What I did on Mother's day.....

We wormed all the sheep and lambs. The little boys got banded (this makes them wethers, i.e. its) and spent the afternoon laying in the shade and crying for their moms. By evening they were up and eating and none the worse for their experience. Next week everyone gets the CDT shot and the lambs get ear tags. I also need to start shearing. I have so much to do around the house with the sheep and dogs and keeping the house clean (impossible) and wouldn’t you know that I have to work overtime/weekends for the next two weeks. Ugh.

One of my beautiful Border Leicester ewe lambs has goopy eyes. I noticed when she was born that they looked different, but determined that she could see because she blinked when I waved a hand in front of each. Recently they have been getting very watery and goopy, so I started putting an antibiotic ointment in them. Yesterday Andre mentioned that her eyes still looked bad. We looked closer and I think she has entropion eyelids. This is when the eyelids are inverted and the eyelashes are scraping the eyeball and this causes irritation and eventually can lead to blindness. I read up on treatments and first tried to tape the eyelid down but I couldn’t get the tape to stick. (I thought duct tape worked for everything!) The next option and the one that most of the books I have recommend, is to inject penicillin into the lower lid (hers is just the lower lid and that is typical), which forces the lid out, away from the eye. I’m not exaggerating when I say this scared the beejeesus outta me. But I had the needles and I had the penicillin, so I did it. I had visions of poking the poor baby in the eye, but I just held the needle parallel to her skin and pulled out a pocket of skin and injected .5 cc under each eye. It did what it was supposed to do. She had two little bumps under each eye and hopefully will get relief from the eyelashes. It is supposed to leave some scar tissue that will keep the eyelid from inverting again. I followed up with antibiotic ointment. I’ll be keeping an “eye” on this one. I’ve named her Helen. She going to be a beautiful girl for wool, but I won’t breed her because this condition can be hereditary. Her mother Bitty had twins last year and they didn’t have a problem.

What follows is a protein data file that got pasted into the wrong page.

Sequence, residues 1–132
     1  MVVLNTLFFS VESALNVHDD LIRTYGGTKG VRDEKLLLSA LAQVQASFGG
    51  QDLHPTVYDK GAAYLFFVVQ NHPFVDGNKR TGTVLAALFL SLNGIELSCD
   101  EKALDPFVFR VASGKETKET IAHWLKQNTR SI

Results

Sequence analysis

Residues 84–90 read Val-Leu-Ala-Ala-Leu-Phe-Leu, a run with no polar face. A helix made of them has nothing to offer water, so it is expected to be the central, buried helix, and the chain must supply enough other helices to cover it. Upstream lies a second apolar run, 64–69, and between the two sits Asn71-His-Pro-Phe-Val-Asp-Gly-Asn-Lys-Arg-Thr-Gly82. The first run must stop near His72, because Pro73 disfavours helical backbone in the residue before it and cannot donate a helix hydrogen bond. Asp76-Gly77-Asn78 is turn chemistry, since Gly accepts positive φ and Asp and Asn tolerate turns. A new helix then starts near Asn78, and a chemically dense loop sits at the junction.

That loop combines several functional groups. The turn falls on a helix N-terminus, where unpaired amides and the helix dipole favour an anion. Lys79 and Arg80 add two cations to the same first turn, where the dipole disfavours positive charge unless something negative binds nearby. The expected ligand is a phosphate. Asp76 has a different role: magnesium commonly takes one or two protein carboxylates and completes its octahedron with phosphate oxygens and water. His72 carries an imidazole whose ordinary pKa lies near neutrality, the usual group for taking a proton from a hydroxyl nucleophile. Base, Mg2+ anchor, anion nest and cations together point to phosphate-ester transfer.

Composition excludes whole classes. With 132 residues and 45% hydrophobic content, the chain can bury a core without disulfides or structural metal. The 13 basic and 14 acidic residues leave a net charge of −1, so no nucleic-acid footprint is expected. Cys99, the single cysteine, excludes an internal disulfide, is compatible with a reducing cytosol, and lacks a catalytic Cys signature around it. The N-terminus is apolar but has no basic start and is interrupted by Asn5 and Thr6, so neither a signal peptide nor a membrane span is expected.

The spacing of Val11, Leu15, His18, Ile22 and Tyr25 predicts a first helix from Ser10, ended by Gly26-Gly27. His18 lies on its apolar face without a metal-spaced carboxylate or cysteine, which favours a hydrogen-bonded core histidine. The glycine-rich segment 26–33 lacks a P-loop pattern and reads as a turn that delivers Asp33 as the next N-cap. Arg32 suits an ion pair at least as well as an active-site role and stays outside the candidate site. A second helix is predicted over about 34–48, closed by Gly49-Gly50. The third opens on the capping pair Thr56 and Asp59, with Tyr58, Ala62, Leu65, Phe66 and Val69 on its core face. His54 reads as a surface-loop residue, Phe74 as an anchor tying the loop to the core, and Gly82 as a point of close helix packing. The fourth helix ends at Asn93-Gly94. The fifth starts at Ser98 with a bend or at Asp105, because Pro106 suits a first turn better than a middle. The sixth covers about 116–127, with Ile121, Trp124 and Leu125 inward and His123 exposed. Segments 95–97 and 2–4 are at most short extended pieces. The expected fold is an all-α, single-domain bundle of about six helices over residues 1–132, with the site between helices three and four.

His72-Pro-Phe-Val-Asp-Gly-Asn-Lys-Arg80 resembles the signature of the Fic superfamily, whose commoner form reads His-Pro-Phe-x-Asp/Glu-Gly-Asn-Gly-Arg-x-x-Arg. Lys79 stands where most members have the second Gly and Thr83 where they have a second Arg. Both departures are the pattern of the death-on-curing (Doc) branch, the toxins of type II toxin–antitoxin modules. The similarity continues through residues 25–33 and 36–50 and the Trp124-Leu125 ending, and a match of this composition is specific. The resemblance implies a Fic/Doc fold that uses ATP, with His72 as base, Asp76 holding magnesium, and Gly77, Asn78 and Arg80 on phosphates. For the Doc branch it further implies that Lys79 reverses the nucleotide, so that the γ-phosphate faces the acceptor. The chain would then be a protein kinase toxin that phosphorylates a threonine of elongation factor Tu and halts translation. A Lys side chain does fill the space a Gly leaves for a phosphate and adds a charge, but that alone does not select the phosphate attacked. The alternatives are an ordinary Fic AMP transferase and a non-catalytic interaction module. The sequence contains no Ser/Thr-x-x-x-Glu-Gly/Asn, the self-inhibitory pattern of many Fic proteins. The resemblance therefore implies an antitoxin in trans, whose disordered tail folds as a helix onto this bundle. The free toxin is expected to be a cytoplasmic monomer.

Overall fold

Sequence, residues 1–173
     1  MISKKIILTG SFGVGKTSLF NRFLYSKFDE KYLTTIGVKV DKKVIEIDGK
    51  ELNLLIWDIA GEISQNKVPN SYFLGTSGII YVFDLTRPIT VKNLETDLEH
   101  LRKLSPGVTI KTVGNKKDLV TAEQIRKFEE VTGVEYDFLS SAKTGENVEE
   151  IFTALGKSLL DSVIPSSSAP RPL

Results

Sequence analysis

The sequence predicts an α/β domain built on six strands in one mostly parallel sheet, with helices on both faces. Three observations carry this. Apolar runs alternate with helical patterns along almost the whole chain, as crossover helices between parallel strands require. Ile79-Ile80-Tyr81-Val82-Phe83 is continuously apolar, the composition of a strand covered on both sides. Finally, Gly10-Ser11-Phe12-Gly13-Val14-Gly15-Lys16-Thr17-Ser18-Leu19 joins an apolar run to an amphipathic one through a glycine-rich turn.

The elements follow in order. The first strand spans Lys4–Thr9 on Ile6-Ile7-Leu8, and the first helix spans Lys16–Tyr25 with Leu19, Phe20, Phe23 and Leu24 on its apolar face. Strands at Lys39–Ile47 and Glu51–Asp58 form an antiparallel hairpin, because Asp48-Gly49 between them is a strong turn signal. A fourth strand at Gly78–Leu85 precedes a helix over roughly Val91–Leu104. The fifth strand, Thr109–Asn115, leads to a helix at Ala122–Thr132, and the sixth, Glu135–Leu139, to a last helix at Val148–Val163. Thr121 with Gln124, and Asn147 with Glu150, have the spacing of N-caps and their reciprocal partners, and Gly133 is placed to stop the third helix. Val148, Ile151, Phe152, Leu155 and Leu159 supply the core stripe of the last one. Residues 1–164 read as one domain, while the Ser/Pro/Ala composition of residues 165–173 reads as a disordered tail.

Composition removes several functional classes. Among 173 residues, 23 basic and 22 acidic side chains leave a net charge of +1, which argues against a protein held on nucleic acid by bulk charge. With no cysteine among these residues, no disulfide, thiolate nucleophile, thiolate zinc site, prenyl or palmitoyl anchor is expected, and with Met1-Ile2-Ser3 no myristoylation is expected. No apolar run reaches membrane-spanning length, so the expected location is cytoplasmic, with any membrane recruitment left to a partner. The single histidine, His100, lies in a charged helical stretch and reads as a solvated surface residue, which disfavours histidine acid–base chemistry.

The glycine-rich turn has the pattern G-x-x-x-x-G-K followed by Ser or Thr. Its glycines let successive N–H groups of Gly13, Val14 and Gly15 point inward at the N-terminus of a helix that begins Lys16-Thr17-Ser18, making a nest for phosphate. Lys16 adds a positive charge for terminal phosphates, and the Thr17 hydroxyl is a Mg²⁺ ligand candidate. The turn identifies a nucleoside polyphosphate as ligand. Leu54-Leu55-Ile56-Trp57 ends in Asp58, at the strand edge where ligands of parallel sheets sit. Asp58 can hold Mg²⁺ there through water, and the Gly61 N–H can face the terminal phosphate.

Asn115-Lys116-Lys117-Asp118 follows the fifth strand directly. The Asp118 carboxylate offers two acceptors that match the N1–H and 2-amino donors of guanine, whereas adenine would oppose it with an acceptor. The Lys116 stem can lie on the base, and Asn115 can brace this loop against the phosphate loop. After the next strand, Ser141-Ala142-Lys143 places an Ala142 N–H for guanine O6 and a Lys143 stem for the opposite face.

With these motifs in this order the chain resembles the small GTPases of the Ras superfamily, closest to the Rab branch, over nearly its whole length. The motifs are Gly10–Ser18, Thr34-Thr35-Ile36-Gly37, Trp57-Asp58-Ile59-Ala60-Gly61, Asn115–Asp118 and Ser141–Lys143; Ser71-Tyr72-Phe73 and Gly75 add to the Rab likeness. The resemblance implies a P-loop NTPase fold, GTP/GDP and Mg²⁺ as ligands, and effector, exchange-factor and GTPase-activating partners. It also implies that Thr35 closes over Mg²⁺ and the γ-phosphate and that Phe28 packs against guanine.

Friday, May 8, 2009

Back in the Saddle...bags

Finally went back to WW last night. I hadn’t been since the end of October! Thankfully I hadn’t gained any weight since then and actually lost 5.6 pounds. That’s not exactly a lot in 6 months, but I hadn’t really been following the plan/counting points either. Guess some of the good eating habits stayed with me. But I knew that I needed to go back to the meetings to maintain a better rate of weight loss, or I wouldn’t reach my goal weight until I was 80 years old!
I really like the meetings and find them very motivating. I might lace up some sneakers and start walking a mile or two a few times this week. Our lane is 8/10 mile long so just up and back will be a good starting point. Just have to jump over the pot holes that are still filled with rainwater from all the rain we’ve been having lately. NOT COMPLAINING. The sheep are loving all the grass and new leaves on the trees and bushes.
We’ve been using the dogs – different ones each day - to bring in the ewes and their lambs from the big field. It’s fun to watch how the dogs learn to not be as pushy with the ewes or they will turn and run the dog down! That will change when they start weaning their lambs and aren’t feeling so motherly.